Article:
In any case, Jeb sure picked the wrong time to make this pitch. Just yesterday we got the latest projections for Social Security and Medicare. If they're correct, the cost of both programs will top out at a combined 12 percent of GDP by the middle of the century and then flatten out. That's about 3 percent of GDP more than we're spending now.

So this is what Jeb is saying: Right now the federal government spends about 20 percent of GDP. We can't afford to increase that to 23 percent of GDP over the next 30 years. That would—what? I don't even know what the story is here. Turn us into Greece? Require us to tax millionaires so highly they all give up and go Galt? Deprive Wall Street of lots of pension income they can use to blow up the world again?

Beats me. This whole thing is ridiculous. Over the next 30 years, we need to increase spending by 1 percent of GDP per decade. That's it. That will keep Social Security and Medicare in good shape. Why is it so hard for people to get that?

Jeb Bush Wants America to "Phase Out" Medicare

| Thu Jul. 23, 2015 4:40 PM EDT

On Wednesday, Republican presidential candidate Jeb Bush told a crowd in New Hampshire that Americans need to consider ways to "phase out" Medicare.

The former Florida governor, who was speaking at an event hosted by the Koch-brothers supported group Americans for Prosperity, also suggested "people understand" and agree with him on the issue.

"They know, and I think a lot of people recognize that we need to make sure we fulfill the commitment to people that have already received the benefits, that are receiving the benefits," Bush said. "But that we need to figure out a way to phase out this program for others and move to a new system that allows them to have something—because they're not going to have anything."

Bush's comments echo the views of former president and brother George W. Bush, who pushed to severely slash Social Security with a controversial reform plan back in 2005. That effort proved overwhelmingly unpopular and failed.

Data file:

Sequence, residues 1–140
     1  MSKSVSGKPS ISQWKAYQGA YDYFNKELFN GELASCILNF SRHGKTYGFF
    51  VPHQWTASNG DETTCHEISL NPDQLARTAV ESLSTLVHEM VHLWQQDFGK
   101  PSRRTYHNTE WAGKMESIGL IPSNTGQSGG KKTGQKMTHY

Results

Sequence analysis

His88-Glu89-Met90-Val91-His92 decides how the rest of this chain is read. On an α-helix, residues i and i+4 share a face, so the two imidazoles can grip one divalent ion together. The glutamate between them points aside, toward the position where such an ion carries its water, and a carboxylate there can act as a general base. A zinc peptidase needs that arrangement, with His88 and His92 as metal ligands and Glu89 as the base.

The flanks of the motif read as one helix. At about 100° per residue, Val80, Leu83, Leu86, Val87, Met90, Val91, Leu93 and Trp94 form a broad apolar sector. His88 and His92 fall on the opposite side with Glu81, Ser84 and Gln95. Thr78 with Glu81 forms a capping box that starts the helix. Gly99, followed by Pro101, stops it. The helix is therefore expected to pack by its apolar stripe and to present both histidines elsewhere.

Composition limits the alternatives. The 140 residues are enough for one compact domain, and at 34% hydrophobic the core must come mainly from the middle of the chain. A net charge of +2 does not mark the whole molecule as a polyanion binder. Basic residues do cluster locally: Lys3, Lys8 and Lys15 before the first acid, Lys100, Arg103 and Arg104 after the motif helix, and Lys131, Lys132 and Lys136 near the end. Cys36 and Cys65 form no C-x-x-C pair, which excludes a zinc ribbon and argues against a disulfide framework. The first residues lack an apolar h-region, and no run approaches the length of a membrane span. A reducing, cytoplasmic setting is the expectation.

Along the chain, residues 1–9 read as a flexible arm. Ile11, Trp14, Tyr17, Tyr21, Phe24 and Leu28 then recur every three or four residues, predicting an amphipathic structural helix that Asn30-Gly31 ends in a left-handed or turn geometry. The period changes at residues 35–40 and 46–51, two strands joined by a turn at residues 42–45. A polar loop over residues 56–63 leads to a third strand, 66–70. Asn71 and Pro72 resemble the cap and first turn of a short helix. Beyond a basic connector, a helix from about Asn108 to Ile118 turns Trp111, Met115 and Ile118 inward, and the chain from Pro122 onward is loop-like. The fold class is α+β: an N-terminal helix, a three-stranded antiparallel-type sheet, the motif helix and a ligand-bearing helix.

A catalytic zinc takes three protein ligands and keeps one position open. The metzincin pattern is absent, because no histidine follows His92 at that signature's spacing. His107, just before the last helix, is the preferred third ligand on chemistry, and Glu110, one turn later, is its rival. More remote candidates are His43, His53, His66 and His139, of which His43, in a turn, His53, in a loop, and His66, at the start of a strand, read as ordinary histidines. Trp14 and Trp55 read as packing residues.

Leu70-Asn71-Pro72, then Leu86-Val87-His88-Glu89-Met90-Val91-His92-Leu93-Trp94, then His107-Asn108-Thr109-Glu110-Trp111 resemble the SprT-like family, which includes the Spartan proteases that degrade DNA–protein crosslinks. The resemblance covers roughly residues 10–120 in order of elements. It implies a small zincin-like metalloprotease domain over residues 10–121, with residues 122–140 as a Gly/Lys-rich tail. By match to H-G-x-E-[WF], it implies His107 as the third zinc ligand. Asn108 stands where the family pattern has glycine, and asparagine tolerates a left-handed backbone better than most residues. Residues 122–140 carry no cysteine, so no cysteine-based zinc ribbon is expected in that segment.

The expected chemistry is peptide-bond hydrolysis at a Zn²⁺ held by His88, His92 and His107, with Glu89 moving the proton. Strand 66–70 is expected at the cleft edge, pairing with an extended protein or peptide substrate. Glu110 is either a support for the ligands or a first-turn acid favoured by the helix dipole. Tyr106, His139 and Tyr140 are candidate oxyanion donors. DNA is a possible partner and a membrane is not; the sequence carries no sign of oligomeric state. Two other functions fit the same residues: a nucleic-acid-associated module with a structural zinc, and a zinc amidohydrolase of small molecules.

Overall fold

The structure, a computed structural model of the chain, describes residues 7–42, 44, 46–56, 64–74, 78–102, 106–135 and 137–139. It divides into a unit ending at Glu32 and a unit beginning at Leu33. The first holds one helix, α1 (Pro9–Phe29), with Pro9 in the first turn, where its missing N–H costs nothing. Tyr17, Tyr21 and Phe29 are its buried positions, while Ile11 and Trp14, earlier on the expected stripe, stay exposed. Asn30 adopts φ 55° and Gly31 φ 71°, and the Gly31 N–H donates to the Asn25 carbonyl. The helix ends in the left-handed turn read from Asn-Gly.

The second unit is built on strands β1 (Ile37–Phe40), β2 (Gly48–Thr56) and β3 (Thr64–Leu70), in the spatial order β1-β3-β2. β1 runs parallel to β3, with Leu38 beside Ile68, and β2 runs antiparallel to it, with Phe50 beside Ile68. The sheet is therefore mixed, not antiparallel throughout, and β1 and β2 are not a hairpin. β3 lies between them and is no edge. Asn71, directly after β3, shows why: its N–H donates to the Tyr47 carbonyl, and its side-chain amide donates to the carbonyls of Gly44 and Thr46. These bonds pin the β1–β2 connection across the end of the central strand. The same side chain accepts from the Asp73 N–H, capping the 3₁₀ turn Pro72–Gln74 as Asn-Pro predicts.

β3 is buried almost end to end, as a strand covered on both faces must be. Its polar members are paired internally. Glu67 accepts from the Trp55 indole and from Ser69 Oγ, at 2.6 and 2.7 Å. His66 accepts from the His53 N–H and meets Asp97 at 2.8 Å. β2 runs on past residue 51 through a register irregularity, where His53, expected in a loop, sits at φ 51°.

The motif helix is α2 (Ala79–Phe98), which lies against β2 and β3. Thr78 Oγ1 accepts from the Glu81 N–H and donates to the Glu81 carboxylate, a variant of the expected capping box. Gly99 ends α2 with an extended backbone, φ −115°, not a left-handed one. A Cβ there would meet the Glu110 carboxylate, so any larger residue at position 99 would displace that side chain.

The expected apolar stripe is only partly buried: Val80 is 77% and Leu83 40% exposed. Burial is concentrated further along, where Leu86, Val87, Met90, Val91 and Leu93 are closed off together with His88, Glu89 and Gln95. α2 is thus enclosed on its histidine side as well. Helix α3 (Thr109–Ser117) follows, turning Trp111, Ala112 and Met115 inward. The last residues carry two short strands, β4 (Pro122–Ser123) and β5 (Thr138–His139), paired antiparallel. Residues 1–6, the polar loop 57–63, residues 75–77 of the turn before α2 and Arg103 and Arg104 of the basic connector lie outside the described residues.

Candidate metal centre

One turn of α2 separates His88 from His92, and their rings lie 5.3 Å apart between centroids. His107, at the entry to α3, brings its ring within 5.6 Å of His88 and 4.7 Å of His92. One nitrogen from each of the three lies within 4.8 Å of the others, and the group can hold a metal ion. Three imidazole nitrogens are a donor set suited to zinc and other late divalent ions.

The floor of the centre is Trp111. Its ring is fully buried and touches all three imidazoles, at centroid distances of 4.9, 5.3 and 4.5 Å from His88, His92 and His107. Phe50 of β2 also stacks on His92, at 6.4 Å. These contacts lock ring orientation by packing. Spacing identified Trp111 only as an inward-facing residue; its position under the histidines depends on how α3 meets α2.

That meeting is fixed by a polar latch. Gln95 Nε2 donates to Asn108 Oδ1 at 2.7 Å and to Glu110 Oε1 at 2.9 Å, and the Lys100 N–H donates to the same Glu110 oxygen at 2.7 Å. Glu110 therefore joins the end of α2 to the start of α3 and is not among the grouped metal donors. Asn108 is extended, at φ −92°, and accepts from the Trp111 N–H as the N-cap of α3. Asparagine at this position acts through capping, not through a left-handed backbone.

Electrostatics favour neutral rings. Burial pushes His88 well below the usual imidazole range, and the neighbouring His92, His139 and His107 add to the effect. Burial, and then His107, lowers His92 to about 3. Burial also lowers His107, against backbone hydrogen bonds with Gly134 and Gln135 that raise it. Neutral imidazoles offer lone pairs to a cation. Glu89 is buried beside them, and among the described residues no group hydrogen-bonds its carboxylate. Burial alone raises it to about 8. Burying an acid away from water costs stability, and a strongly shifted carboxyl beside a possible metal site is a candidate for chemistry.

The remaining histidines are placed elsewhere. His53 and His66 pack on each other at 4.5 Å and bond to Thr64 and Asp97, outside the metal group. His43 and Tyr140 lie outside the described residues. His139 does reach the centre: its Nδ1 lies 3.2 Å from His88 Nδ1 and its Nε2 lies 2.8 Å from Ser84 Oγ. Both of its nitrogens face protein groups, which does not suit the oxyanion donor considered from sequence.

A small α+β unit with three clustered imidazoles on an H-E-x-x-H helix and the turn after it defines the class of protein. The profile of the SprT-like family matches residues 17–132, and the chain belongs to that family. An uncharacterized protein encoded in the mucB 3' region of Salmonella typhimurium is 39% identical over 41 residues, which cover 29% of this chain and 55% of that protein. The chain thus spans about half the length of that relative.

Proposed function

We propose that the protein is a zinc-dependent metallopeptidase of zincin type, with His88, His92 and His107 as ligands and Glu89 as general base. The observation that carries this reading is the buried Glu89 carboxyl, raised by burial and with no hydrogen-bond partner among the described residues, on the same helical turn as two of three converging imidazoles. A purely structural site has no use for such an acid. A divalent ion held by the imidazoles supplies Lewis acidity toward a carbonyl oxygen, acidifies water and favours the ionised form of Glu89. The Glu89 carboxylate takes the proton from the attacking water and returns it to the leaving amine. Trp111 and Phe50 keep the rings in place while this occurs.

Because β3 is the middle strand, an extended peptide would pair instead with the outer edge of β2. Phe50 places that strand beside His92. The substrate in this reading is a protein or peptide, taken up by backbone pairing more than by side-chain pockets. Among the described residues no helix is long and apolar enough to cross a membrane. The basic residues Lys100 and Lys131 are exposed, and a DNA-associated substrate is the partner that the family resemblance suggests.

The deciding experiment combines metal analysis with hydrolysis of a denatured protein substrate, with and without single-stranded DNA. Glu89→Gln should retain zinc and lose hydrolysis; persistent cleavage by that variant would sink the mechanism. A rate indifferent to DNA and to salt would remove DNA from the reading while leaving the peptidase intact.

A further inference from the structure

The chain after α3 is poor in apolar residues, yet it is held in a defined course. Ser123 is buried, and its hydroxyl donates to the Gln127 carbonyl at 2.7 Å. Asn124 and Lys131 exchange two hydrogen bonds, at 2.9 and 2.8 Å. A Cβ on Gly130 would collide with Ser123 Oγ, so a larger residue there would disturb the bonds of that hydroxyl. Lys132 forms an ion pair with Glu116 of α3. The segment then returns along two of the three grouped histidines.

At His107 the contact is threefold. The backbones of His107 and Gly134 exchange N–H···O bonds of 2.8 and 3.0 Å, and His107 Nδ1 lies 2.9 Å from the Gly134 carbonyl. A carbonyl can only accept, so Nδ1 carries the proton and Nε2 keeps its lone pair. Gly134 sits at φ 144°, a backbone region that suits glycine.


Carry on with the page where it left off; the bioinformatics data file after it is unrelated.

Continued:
A day before Bush's Medicare comments, a new report showing the program's costs to be significantly under what had been previously projected nearly ten years ago, as our own Kevin Drum noted:

Beyond that, it's always foolish to assume that costs will rise forever just because they have in the past. Medicare is a political program, and at some point the public will decide that it's not willing to fund it at higher levels. It's not as if it's on autopilot, after all. We live in a democracy, and after lots of yelling and fighting, we'll eventually do something about rising medical costs if we simply don't think the additional spending is worth it.

Despite the resulting failure of his brother's plan to do away with Social Security, Bush said he believes that his plan to gradually eliminate Medicare will prove to be a "winning argument if we take it directly to people."

Waller County Officials: Sandra Bland Autopsy Consistent With Suicide

| Thu Jul. 23, 2015 4:04 PM EDT

In a press conference on Thursday afternoon, the Waller County District Attorney revealed preliminary autopsy results in the death of Sandra Bland, the 28-year-old black woman who was found dead in her jail cell days after being arrested for a traffic stop, saying that examiners discovered no apparent injuries consistent with a violent homicide or struggle.

Assistant District Attorney Warren Diepraam told reporters that he was presenting physical rather than criminal findings, but said there was no evidence found in the autopsy of injuries to Bland's hands or internal organs to suggest a violent struggle had taken place in the jail. Previously, a medical examiner called her death a suicide by hanging. Bland's family disputes the finding.

There was no evidence the first autopsy performed on Bland was defective as was previously alleged by an attorney representing Bland's family, Diepraam added.

According to the new autopsy findings, Bland's injuries were consistent with having "a force against her back."

A portion of the press conference focused on the presence of marijuana found in Bland's system—confirmed by preliminary autopsy results. Many took to social media to question the relevance of the finding.